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  • News

    A genetic scorecard could predict your risk of being obese

    There’s a new way to predict whether a baby will grow into an obese adult.

    Combining the effect of more than 2.1 million genetic variants, researchers have created a genetic predisposition score that they say predicts severe obesity. People with scores in the highest 10 percent weighed, on average, 13 kilograms (about 29 pounds) more than those with the lowest 10 percent of scores, the...

    04/18/2019 - 11:00 Genetics
  • News in Brief

    Some people may have genes that hamper a drug’s HIV protection

    ORLANDO, Fla. — Some people’s genes may stop an antiretroviral drug from protecting them against HIV, a genetics study suggests.

    The drug, called tenofovir, is used for preventing as well as treating an HIV infection. But success in prevention has been mixed, with studies reporting between 78 to 92 percent success rates. It wasn’t clear why the drug didn’t protect everyone.

    Now,...

    04/15/2019 - 06:00 Genetics, Biomedicine
  • News in Brief

    How chemical exposure early in life is ‘like a ticking time bomb’

    ORLANDO — Being exposed to a chemical early in life can be a bit like a choose-your-own-adventure book: Some things that happen early on may hurt you later, but only if you make certain choices, an unpublished study in mice suggests.

    Mouse pups were exposed to the chemical bisphenol A (BPA) for only five days after birth, a crucial time during which mice’s livers develop. BPA, once...

    04/12/2019 - 10:00 Genetics
  • Feature

    Here are 5 RNAs that are stepping out of DNA’s shadow

    DNA is the glamour molecule of the genetics world. Its instructions are credited with defining appearance, personality and health. And the proteins that result from DNA’s directives get credit for doing most of the work in our cells. RNA, if mentioned at all, is considered a mere messenger, a go-between — easy to ignore. Until now.

    RNAs, composed of strings of genetic letters called...

    04/07/2019 - 06:00 Genetics
  • News in Brief

    Testing mosquito pee could help track the spread of diseases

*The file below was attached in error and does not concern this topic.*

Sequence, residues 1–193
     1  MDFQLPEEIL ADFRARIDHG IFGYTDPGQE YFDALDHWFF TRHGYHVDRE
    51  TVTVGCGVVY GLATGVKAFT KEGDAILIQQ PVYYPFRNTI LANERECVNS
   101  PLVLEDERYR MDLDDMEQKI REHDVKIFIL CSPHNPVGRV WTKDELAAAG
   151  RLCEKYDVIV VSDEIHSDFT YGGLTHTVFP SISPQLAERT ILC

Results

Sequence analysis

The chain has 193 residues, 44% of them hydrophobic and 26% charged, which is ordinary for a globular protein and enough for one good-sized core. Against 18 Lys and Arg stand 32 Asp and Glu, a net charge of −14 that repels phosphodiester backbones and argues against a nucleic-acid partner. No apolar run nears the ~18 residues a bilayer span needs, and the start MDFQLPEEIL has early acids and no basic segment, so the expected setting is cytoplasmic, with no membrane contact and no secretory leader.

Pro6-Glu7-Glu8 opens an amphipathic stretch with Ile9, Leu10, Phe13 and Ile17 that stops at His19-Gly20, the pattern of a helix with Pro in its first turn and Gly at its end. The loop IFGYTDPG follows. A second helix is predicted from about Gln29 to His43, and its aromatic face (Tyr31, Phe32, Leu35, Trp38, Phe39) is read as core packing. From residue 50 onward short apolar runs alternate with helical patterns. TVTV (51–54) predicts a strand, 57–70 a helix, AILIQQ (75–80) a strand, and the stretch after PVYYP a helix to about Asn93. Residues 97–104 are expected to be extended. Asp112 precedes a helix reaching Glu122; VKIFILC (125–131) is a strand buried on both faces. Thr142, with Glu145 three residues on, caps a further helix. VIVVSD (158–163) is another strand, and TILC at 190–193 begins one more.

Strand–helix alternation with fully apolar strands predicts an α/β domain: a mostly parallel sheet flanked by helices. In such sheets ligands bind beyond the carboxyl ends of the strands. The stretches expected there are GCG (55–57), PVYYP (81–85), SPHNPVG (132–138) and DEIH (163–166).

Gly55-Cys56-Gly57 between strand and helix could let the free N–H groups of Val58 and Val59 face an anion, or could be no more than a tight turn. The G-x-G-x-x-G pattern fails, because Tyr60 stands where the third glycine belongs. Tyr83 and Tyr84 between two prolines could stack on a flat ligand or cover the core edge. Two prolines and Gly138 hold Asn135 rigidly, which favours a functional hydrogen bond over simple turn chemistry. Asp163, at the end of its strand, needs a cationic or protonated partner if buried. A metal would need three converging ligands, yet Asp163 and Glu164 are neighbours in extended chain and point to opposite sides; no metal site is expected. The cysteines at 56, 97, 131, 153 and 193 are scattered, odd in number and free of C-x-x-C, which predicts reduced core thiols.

There are no teensy cups. But a urine test for wild mosquitoes has for the first time proved it can give an early warning that local pests are spreading diseases.

    Mosquito traps remodeled with a pee-collecting card picked up telltale genetic traces of West Nile and two other worrisome viruses circulating in the wild, researchers in Australia report April 4 in the Journal of Medical...

    04/05/2019 - 08:00 Health, Genetics, Animals
  • News

    How emus and ostriches lost the ability to fly

    Evolutionary tweaks to DNA that bosses genes around may have grounded some birds. 

    New genetic analyses show that mutations in regulatory DNA caused ratite birds to lose the ability to fly up to five separate times over their evolution, researchers report in the April 5 Science. Ratites include emus, ostriches, kiwis, rheas, cassowaries, tinamous and extinct moa and elephant birds. Only...

    04/04/2019 - 14:05 Evolution, Genetics, Molecular Evolution
  • News

    A Nobel Prize winner argues banning CRISPR babies won’t work

    Scientists are vigorously debating how, and if, they can put the human gene-editing genie back in the bottle.

    There is widespread agreement that it’s currently “irresponsible” to make heritable changes in human cells. Gene editors, even the much lauded CRISPR/Cas9 molecular scissors, have not yet been proven safe and effective enough to use to alter genes in the human germline; embryos,...

    04/02/2019 - 07:00 Genetics, Science & Society
  • News

    Resurrecting woolly mammoth cells is hard to do

    Proteins from woolly mammoth cells frozen for 28,000 years in the Siberian tundra may still have some biological activity, claim researchers attempting to clone the extinct behemoths.

    Japanese scientists first extracted nuclei, the DNA-containing compartments of cells, from the muscles of a juvenile woolly mammoth called Yuka, discovered in 2010 in northeast Russia. The team then...

    03/18/2019 - 07:00 Genetics, Cells, Animals
  • News

    Geneticists push for a 5-year global ban on gene-edited babies

    Eighteen researchers, including two CRISPR pioneers, are calling for a temporary ban on creating gene-edited babies.

    “We call for a global moratorium on all clinical uses of human germline editing — that is, changing heritable DNA (in sperm, eggs or embryos) to make genetically modified children,” the statement’s cosigners, who come from seven countries, wrote in the March 14 Nature....

    03/13/2019 - 14:00 Genetics, Science & Society
  • News

    A CRISPR spin-off causes unintended typos in DNA

    Even the best editor sometimes introduces typos. That’s true whether the editor is human or a version of the much-heralded gene-editing tool CRISPR.

    One type of CRISPR gene editor that changes individual DNA bases, rather than cutting DNA, introduces more unwanted mutations than expected in mouse embryos and rice plants, researchers report. Those mistakes occurred in places where the...

    03/05/2019 - 12:30 Genetics